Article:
Hard Times Tokens

Hard Times Tokens
America Speaks
by Michael E. Marotta ©Copyright 1993, 1994, 1998 by Michael E. Marotta Some material here also appeared in the Bowers and Merena Rare Coin Review.
 hard times tokens
 hard times in america lg

"I take the responsibility," says Andrew Jackson, standing in an empty treasure chest. Martin Van Buren's ship of state has tattered sails on the obverse of a coin; the reverse shows Henry Clay's sails billowing. "I follow in the steps of my illustrious predecessor," says the jackass on the obverse while the reverse shows a treasure chest being borne off by a turtle. "Good for shin plasters" refers to worthless paper money used as stuffing in boots. Many, to avoid charges of counterfeiting, bear the slogan "Millions for defense NOT ONE CENT for tribute."

In 1834, an economic downturn on the English stock market brought "hard times" to both Canada and the United States. However, the event that defines the start of this era in the USA was a clash between the Bank of the United States and President Andrew Jackson in 1832.

The BUS was a semi-private institution, the invention of Alexander Hamilton, and precursor to the Federal Reserve. It was slated for renewal in 1836, but Jackson didn't wait. He withdrew US Treasury money from the BUS and deposited it in local banks. Interestingly, the Treasury had an embarrassment of riches, about $17 million in surplus gold and silver. Also, the US government was without debt. However, when the BUS closed, credit collapsed.HT-81A R3"Am I not a Woman"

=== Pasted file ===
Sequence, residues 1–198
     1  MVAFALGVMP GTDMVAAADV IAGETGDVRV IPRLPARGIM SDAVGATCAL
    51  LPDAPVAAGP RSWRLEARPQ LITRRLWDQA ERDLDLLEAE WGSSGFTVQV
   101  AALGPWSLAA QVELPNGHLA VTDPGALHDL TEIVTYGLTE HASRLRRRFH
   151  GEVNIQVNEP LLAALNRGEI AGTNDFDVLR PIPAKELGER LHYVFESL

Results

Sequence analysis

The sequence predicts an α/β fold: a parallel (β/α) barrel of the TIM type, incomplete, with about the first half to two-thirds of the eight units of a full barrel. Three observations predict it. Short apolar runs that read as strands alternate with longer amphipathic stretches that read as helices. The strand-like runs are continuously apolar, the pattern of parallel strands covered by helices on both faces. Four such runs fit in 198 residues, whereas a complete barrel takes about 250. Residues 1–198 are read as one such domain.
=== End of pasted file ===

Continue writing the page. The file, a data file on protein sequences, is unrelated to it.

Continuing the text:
HT-81A R3

Political activists and merchants created these 1-cent tokens to take up the slack. They were an East Coast phenomenon, since metals, dies, etc., required industry. (Twenty five years later, Civil War tokens were issued from Michigan, Illinois and Wisconsin in the West.) The fact that most types of Hard Times Token can be found today in grades from Fine down to Good indicates that they actually circulated in trade.

The standard reference manual for this series is Hard Times Tokens 1832-1834 by Russell Rulau. His work is based on a book from the 1899 by Lyman H. Low. Rulau includes the Low numbers in his catalog. He estimates retail price. He has added many new items over the years with each new addition. The book also approximates the rarity, R1 (common) to R8 (perhaps unique).

Some of these coins are objectively rare and highly valued outside the world of numismatics. "Am I not a Woman" is the motto on an Abolitionist token. "Am I not a Man" is its companion piece and is
exceedingly rare These two are difficult to find in higher grades because they have been popular with collectors for over 150 years.

You can find common Hard Times Tokens in almost any dealer's inventory. You will find them priced all over the range depending on the dealer's willingness to own them. You will have to use basic numismatic principles to grade them. Although they rate a general entry in The Red Book, not all services will slab them.